Miriam: Yet another favourite thing that started with a recommendation from Libby. This Scanpan Chef Pan has fast become one of my most favourite kitchen items. It's non stick (but you can use metal utensils on it), it goes from element to oven, and it's so versatile; you can make a stew or a pancake in it.  Since buying it at Moore Willsons a few months ago, I also now receive emails from Libby with recommendations of good dishes to make it, like this delicious pumpkin dish, or this chicken, leak and peer salad Bec's posted on the blog last year.  I can't believe I've gone all these years without this pan; now I couldn't do without it!

Monday, April 30, 2012

A few of our favourite things...

Becs: I have been the fortunate recipient of lots of home grown quinces this year...aside from making a few jars of quince paste I have roasted most of them to serve with Posh Porridge.  The method I use is based on one from the Dunsandel Store Cookbook and is the easiest I have tried with minimal prep involved - quince are a pain to cut/core when raw.  Wash the quinces well, rubbing off the fuzz on their skin with a cloth. Cut in half or quarter if especially large and fill a large lined roasting tray.  Cover with a cup of sugar, and add an inch of water to the pan.  Cover with foil and bake at 150 C for 3 hours or so until tender.  Once cool it is easy to remove the skins and cores.  Pour the syrup into a saucepan and reduce until desired consistency and sweetness.  These can be preserved in jars or frozen.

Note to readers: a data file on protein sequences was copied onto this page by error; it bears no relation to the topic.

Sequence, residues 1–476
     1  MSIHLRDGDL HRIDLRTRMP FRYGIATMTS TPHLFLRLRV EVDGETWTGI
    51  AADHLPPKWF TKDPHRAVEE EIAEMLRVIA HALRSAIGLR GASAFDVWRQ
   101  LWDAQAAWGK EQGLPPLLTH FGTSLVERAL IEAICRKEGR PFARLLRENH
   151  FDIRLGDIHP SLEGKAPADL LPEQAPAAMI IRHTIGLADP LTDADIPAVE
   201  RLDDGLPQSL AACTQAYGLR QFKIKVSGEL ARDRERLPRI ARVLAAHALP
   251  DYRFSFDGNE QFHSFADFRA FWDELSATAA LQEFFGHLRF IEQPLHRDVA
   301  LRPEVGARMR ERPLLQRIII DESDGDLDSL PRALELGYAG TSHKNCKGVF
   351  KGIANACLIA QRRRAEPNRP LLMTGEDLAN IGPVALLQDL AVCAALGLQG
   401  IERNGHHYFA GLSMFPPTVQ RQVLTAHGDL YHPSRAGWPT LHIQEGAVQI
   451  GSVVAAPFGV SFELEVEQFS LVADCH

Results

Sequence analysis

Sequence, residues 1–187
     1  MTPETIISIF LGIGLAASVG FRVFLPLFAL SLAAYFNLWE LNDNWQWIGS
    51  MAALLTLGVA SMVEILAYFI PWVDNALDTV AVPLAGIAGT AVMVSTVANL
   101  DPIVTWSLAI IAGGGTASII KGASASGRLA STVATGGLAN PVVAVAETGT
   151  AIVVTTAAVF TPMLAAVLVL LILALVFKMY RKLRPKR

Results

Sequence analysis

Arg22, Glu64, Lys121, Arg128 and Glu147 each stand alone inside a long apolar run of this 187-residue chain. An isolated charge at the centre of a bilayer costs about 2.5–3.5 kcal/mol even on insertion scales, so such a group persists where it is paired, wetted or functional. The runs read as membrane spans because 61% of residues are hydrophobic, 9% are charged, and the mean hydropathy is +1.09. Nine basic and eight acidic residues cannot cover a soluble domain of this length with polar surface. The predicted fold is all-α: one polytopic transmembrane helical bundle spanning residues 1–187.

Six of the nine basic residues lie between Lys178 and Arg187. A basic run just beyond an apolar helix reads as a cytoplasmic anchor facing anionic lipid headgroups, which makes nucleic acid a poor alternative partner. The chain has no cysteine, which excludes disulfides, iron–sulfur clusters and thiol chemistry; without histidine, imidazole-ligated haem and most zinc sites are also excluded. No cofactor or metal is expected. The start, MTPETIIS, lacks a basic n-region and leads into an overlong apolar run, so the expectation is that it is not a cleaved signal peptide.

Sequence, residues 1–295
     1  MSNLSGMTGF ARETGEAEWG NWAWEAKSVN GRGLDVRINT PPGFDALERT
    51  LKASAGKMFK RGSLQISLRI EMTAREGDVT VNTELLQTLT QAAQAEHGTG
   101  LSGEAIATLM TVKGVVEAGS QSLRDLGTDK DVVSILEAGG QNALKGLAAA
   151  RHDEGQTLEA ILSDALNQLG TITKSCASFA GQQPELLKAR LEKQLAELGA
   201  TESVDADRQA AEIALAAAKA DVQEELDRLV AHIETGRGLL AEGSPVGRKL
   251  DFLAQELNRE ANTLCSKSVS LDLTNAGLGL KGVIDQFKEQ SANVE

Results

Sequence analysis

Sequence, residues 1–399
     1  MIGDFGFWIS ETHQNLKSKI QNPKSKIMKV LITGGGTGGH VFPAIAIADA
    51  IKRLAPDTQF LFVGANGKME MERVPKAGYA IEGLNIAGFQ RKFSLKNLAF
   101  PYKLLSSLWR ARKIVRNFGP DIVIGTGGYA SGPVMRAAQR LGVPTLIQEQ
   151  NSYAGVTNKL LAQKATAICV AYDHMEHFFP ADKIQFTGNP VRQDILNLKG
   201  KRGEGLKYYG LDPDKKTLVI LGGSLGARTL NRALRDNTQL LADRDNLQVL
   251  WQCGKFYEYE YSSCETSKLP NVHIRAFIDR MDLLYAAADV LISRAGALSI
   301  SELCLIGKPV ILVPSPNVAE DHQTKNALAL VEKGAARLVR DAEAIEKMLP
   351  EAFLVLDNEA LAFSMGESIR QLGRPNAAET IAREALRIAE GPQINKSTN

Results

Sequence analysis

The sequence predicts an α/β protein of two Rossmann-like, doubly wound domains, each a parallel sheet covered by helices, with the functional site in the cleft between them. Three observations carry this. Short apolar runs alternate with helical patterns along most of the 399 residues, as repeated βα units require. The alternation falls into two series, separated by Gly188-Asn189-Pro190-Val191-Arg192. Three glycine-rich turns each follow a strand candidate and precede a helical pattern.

Monday, April 23, 2012

a few of our favourite things

Miriam:  When I was at Libby's a couple of months ago, I admired her recipe book stand, and so (with Libby's blessing) ordered one of my own too.  Coincidentally, I had recently bought a clock made by the same designer and Becs had independently bought a few items from the online store too.  Check out the Objectify store here for the full range.  The Ripe cookbook featured on my recipe book stand is another of my favourite things too - so many great recipes.

Libby: I don't usually have an "afternoon" tea break during the week while at work. It's not that I have a stressful job and am too busy to stop, it's just not a habit. But on the weekend I love to bake something nice and have it with a cup of real loose leaf tea. This weekend, inspired by Time for a Little Something I baked Scott's Farewell Square, (from Ladies A Plate).